FIG. 4 is a frontal sectional view of bristle layer 40. It's maximum length bristles arrange to form three furcations 45, the length of the bristles in furcations 45 being equal in length to the minimum length bristles of bristle layer 25 as illustrated in FIG. 3. Although the embodiment of the brush, as illustrated in FIGS. 1, 2, 3 and 4, illustrates bristle layers having minimum length bristles of a first bristle layer equal in length to the maximum length bristles of the next layer, there is no intention to limit the invention to such an embodiment. Somewhat different but equally interesting depictions can be achieved with bristles of various maximum and minimum lengths. This situation is depicted in FIG. 5 which illustrates an artist's brush also having three tiered layers of bristles 60, 70 and 80. In this illustration the furcations 65, 75 and 85 are rounded and the maximum length bristles of each successive layer are not equal in length to the minimum length bristles of the next preceding bristle layer. A brush configured in this manner has been shown to create easily the more rounded examples of leafy vegetation, such as bushes and the like.
Referring now to FIG. 6 wherein a brush having its bristles arranged in a round fashion is depicted. This brush also has three (3) layers of bristles 90, 92 and 94 arranged within a ferrule 91. In like manner to the rectangular brush of FIG. 1, this round brush contains the same number of furcations in each respective layer with its furcations offset from the furcations in each adjacent layer of bristles. That is, layer 90 has three (3) furcations 91 which are offset from the two (2) furcations 93 of layer 92. Similarly the furcations 93 of layer 92 are offset from the three (3) furcations 95 of layer 94. It has been found that round brushes such as these are particularly useful in the painting of trees.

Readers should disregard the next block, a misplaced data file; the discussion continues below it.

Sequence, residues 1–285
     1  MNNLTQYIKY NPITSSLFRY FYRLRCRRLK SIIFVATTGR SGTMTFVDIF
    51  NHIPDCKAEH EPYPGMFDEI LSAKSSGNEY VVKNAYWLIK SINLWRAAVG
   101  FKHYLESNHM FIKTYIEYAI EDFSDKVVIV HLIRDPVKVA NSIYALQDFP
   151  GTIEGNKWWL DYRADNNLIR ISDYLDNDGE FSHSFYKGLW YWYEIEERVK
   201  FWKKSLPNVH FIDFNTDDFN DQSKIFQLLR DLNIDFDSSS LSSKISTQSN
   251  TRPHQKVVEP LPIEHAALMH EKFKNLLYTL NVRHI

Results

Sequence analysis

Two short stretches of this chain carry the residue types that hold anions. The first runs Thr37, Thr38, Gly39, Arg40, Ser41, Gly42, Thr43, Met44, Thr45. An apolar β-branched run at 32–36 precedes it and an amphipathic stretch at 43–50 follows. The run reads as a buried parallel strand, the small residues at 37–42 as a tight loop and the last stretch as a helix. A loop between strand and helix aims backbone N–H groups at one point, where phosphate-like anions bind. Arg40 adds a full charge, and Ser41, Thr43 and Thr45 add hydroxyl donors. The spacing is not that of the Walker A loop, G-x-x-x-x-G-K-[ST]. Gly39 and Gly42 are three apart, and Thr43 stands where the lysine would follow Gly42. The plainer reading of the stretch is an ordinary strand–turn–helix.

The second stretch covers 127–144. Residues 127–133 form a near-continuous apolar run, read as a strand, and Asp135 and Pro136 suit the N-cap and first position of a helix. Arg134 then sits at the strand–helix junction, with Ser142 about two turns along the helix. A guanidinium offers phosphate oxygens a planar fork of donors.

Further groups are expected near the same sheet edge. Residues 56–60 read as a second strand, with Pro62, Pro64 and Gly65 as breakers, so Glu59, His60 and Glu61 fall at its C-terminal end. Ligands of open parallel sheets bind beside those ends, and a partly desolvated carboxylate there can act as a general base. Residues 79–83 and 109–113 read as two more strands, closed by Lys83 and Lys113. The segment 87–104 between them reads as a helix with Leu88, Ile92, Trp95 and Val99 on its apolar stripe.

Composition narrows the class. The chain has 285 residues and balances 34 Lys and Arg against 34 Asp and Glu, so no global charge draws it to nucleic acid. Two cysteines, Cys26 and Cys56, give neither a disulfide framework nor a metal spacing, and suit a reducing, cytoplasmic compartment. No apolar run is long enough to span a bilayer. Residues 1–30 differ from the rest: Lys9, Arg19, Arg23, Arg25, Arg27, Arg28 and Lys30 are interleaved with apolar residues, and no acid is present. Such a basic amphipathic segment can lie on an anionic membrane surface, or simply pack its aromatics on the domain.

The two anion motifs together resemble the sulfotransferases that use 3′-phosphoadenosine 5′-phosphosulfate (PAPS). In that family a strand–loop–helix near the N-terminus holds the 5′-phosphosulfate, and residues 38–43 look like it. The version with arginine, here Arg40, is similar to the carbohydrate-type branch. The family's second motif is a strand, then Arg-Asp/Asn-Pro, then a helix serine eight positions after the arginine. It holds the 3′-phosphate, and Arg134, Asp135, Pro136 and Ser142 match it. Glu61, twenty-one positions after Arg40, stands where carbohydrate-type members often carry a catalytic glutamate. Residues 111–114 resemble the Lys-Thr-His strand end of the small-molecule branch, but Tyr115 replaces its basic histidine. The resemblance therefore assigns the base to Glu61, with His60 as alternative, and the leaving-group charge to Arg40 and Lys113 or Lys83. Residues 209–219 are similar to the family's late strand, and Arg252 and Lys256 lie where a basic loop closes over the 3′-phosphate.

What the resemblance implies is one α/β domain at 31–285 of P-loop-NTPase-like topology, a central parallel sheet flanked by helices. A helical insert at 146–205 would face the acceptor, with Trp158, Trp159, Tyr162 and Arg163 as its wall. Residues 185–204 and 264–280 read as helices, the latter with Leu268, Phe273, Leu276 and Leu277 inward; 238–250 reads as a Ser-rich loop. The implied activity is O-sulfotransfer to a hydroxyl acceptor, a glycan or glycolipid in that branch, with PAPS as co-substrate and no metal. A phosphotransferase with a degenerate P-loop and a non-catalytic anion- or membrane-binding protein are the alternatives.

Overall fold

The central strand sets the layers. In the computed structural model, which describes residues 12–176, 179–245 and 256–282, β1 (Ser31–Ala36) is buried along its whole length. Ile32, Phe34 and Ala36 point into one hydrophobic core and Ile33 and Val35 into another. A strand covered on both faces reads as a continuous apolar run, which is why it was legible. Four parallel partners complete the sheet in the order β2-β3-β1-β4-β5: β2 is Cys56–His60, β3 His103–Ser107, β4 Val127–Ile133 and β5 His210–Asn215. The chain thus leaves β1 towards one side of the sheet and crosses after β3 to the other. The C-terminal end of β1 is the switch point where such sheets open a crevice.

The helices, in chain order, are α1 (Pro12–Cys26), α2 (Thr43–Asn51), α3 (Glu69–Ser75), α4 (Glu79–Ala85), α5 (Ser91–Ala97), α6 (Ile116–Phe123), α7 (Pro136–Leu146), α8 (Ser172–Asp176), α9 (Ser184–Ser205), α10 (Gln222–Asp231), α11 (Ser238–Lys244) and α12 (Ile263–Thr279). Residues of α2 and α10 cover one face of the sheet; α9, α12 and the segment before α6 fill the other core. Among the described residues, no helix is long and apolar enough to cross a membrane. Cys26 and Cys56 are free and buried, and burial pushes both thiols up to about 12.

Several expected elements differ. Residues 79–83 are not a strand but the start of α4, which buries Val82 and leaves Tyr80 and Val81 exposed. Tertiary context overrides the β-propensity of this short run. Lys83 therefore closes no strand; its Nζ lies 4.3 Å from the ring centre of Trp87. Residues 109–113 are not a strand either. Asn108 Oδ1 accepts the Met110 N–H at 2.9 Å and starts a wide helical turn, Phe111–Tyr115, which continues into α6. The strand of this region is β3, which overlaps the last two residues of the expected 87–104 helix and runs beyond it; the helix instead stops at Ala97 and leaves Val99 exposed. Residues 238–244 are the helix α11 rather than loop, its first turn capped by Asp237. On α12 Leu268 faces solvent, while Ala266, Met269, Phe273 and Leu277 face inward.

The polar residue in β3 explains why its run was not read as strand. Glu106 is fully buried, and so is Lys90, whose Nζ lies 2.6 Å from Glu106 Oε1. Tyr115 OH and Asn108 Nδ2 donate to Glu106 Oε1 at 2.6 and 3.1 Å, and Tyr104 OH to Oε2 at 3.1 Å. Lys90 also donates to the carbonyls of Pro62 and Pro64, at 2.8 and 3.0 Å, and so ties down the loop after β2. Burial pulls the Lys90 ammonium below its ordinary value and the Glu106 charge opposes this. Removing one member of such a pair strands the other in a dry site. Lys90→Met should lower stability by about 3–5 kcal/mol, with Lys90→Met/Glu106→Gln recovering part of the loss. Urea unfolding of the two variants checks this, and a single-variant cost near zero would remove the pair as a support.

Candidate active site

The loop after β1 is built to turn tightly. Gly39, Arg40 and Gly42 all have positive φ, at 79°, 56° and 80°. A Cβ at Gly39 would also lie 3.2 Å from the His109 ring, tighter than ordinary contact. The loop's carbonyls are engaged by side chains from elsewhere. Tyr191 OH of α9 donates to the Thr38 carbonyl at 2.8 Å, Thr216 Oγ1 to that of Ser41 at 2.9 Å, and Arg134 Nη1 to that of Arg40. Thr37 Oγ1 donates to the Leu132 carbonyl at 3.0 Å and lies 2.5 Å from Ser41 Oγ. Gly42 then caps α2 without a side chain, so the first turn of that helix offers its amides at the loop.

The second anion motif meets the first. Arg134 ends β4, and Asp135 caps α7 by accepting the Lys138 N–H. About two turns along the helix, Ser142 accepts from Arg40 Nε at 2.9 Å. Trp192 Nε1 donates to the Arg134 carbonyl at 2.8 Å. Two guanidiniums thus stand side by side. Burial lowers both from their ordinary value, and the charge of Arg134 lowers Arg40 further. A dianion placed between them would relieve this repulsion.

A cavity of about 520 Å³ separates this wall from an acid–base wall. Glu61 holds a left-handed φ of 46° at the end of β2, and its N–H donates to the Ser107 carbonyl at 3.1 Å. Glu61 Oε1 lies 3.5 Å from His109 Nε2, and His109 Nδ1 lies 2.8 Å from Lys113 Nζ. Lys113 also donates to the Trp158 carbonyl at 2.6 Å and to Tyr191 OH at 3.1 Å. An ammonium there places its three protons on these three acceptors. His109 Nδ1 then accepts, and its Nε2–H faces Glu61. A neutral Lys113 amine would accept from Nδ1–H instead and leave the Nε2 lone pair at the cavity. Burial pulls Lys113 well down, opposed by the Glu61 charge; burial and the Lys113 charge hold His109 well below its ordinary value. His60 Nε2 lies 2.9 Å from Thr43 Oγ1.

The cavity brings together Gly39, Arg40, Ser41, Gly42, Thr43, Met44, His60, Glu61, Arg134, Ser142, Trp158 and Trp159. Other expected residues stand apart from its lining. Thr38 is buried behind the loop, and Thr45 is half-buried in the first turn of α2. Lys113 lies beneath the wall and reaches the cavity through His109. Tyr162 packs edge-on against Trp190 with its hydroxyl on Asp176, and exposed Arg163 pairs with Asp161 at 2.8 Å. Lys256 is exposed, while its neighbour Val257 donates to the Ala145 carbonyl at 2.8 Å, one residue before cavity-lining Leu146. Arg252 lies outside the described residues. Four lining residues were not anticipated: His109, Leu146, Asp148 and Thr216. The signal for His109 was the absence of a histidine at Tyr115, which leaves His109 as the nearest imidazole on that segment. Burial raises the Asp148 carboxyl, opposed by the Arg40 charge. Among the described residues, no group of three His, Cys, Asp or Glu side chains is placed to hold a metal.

Although the illustrated embodiments of the artist's brush has been of brushes with rectangular and round shapes, it should be understood that the invention is not limited to such brushs. Brushes of any other basic shape are equally adaptable for such use as are disclosed by this invention.
It is therefore apparent that the present invention is one well adapted to obtain all the objects and advantages hereinabove set forth together with other advantages which will become obvious and inherent from a description of the apparatus itself. It will be understood that certain combinations and subcombinations are of utility and may be obtained without reference to other features and subcombinations. This is contemplated by and is within the scope of the present invention.
As many possible embodiments may be made of this invention without departing from the spirit or scope thereof, it is to be understood that all matters herein set forth in the accompanying drawings are to be interpreted as illustrative and not in any limiting sense.